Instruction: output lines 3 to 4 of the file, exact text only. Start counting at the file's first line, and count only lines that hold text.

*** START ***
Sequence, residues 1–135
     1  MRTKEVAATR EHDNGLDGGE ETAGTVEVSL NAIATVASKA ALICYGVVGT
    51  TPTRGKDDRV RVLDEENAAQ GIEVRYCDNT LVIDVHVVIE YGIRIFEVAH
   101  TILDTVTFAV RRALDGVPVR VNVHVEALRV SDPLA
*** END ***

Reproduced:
    51  TPTRGKDDRV RVLDEENAAQ GIEVRYCDNT LVIDVHVVIE YGIRIFEVAH
   101  TILDTVTFAV RRALDGVPVR VNVHVEALRV SDPLA